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Vancouver Island:
Thar She Blows
A Whaling Good time On Vancouver Island's Rugged West Coast

By Jane Cassie
Photos by Brent Cassie

The thunderous roar of waves resonates in my ears. Ocean spray cloaks my bright yellow slicker. The unruly breakers toss driftwood timbers as though light as toothpicks, and mesmerize surfers clad head to toe in neoprene. They also draw out storm watching aficionados, true blue romanticists, and families like mine who have come in search of some outdoor adventure. Its Vancouver Island's rugged West Coast; a destination that offers excitement for everyone!

While my brood still snoozes, I take advantage of this early morning hour on picturesque Cox Bay, just five minutes south of Tofino. The beach boulevard, rippled like corrugated cardboard and dotted with tidal pools, separates the turbulent Pacific from storm-ravaged evergreens. Summer warmth will soon captivate sandcastle architects and young tykes in search of sea anemones. Boogie boards will come out of hibernation beach volleyball teams will rally most days till sunset, and picnickers, sunbathers, and kayakers will replace us hearty storm watchers.

I eventually make my way back to the northern end of this heavenly bay where forty-five acres are devoted to guests of Pacific Sands Resort. Snuggling up to the shoreline are Lindal cottages and three story lodgings, where crackling fireplaces warm cosy interiors, and private patios view the pounding Pacific.

Since the early seventies the resort has been a labour of love for the Pettinger family and, based on the number of returning guests each year, they have figured out the key to success. "Couples enjoy storm watching from their private hot tubs and our summertime venues attract the families," owner and General Manager, Dave Pettinger proudly shares.

For us, this West Coast weekend is a family affair. Although our fourteen-year-old son hardly thinks that the ideal holiday includes parents, there is salvation when his best friend gets to tag along and we soon discover that the two electronic buffs are easily lured away from TV by the bounty of nature that waits just steps away.

A well-maintained boardwalk, canopied by gnarled cedars and spruce, leads to a rewarding vista, even for our two complacent teens. From the jetty perch that divides Chesterman Beach and Cox Bay we are privy to a perfect panorama in both directions. And as crashing waves shoot up white-water geysers, our gaze extends beyond the rocky plateau. We realise that there is only one thing separating us from Japan, and that is the relentless and unforgiving ocean!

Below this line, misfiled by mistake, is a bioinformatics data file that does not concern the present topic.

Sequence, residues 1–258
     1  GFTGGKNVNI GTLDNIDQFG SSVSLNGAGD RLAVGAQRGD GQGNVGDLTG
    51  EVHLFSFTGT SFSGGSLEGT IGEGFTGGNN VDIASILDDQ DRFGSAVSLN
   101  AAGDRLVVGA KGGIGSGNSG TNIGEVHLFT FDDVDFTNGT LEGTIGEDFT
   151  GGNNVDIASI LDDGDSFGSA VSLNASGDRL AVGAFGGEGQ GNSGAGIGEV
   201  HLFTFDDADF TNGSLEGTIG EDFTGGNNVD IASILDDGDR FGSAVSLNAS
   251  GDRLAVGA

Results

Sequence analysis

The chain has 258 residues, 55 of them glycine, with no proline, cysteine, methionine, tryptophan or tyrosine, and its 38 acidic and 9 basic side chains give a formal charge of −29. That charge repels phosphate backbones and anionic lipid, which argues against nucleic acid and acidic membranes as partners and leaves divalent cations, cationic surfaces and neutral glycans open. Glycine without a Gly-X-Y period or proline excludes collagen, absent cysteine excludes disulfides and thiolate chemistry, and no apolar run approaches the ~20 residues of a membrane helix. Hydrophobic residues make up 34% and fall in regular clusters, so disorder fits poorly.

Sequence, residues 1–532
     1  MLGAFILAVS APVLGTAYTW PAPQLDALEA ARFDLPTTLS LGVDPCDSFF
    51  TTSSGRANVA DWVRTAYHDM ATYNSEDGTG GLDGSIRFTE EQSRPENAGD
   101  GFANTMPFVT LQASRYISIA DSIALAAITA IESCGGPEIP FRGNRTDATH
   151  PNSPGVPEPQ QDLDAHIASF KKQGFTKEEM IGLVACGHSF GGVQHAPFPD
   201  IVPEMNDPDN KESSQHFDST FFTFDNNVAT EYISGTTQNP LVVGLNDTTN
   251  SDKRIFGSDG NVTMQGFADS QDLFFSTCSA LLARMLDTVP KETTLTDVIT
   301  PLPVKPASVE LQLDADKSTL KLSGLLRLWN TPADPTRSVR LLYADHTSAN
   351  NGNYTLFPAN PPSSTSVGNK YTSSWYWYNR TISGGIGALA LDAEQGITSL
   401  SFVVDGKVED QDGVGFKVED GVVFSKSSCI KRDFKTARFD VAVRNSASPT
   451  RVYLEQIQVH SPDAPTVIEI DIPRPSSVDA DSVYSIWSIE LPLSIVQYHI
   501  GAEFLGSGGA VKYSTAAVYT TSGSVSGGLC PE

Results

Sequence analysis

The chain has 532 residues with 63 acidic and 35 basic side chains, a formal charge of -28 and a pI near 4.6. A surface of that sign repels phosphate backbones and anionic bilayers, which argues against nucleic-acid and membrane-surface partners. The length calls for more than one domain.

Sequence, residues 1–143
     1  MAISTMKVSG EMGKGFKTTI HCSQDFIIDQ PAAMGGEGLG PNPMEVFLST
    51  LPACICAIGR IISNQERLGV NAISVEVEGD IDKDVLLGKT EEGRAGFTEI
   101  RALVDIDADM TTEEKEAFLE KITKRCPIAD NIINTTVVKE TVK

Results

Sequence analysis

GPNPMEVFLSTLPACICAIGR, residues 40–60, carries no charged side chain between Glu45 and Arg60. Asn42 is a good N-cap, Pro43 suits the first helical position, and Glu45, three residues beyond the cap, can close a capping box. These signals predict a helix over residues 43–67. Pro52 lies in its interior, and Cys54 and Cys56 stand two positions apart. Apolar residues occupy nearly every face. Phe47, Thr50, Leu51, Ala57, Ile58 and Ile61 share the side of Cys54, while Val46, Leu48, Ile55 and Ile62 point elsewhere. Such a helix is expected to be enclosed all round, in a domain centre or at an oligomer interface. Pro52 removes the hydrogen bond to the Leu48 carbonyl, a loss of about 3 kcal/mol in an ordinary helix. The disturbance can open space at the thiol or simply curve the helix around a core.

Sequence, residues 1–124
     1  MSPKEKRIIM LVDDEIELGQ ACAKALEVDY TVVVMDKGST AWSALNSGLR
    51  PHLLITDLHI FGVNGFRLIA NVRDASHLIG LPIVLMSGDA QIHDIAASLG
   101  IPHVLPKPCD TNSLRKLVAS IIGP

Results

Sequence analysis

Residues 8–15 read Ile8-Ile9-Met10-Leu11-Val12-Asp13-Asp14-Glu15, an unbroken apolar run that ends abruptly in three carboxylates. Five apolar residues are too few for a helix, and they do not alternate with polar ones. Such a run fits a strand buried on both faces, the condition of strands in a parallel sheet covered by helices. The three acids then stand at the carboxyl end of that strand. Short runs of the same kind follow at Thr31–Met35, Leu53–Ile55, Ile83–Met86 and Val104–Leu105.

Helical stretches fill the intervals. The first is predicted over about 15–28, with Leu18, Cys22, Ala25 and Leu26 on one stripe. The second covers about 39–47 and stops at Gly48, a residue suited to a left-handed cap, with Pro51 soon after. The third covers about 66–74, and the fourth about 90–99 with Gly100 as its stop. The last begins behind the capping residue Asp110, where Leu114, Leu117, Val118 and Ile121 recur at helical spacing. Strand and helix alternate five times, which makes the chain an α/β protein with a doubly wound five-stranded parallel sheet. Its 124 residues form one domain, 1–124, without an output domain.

Sunset Trail, on the resort's property, is just one of many hikes that borders Pacific Rim National Park. As well as other recreation opportunities, the old growth rainforest, extending the length of the notorious coastline, acts as a natural thirty-three kilometre corridor for the highway that joins Tofino to Ucluelet.

With this new taste of the great outdoors, the teens look forward to more and, after retiring their hiking boots, we head into Tofino where we bypass art galleries (calling out my name) to get outfitted for survival. Whale watching and other soft adventures dominate this once thriving fishing village that is hemmed in by Clayoquot Sound and the wild ocean waves. And although somewhat resistant to feeling camouflaged like an awkward astronaut, I am warmed by my own adrenaline as I zip up the red suit.

From March to May more than twenty thousand gray whales pass by en route to The Bering Sea, and while ebbing and rising every fifteen seconds, sightings of the massive ocean bulges are almost certain. If not, Jamie's Whaling Station will provide a lifelong rain check to re-visit again.

Today, though, our navigator, Lynn, expresses uncertainty. "The ocean swells are cruel and the clouds spell impending rain." We can tell she's an expert. She's always lived in Tofino and knows the conditions like the back of her hand. She decides to cruise Clayoquot Sound in hopes of spotting one of the grays that often escapes to the calmer bays. We skim the glassy surface in search of black bear along the tide line, seal pups on rock outcroppings and sought after dorsal fins breaking the waters' surface. We come up empty handed. "I guess we're out of luck, today," Lynn resigns. "Unless you want to live on the wild side and check out the open water." Although I'm somewhat precarious, the teens yelp out a collective, "Yahoo!" …and we're off!

Once out of the protective sound, the transition from still waters to gigantic rollers is instantaneous and, like a seaward mariner, I go with the flow! I think of all the shipwrecks along this coastline and pray that our pontoons have more staying power than the air mattresses I've owned. Splashes of salt water kiss my lips and my stomach rises in unison with each swoop. Cheers from the front row echo in my ears and in spite of my racing heartbeat, I feel exhilarated and energized. Then Lynn suddenly slows the Zodiac and all falls silent. As we rise to the crest of a new wave, we all witness it. First the spout of air, then the dorsal fin, finally the massive gleaming backs that arch above the water's surface, over and over again. "Thar she blows," I call out, and chuckle to myself at how often those words have applied during our visit to Vancouver Island's rugged West Coast.

Where To Stay
Pacific Sands Beach Resort
1421 Pacific Rim Hwy.,
P.O Box 237, Tofino, BC V0R 2Z0
Phone: 250-725-3322 Fax: 250-725-3155
Toll free: 1-800-565-BEACH (2322)
www.pacificsands.com

Things To Do:
Jamie's Whaling Station
Toll free: 1-800-667-9913

Jane and Brent Cassie are a travel writer/photographer team. Follow their other adventures on their website - www.janecassie.com.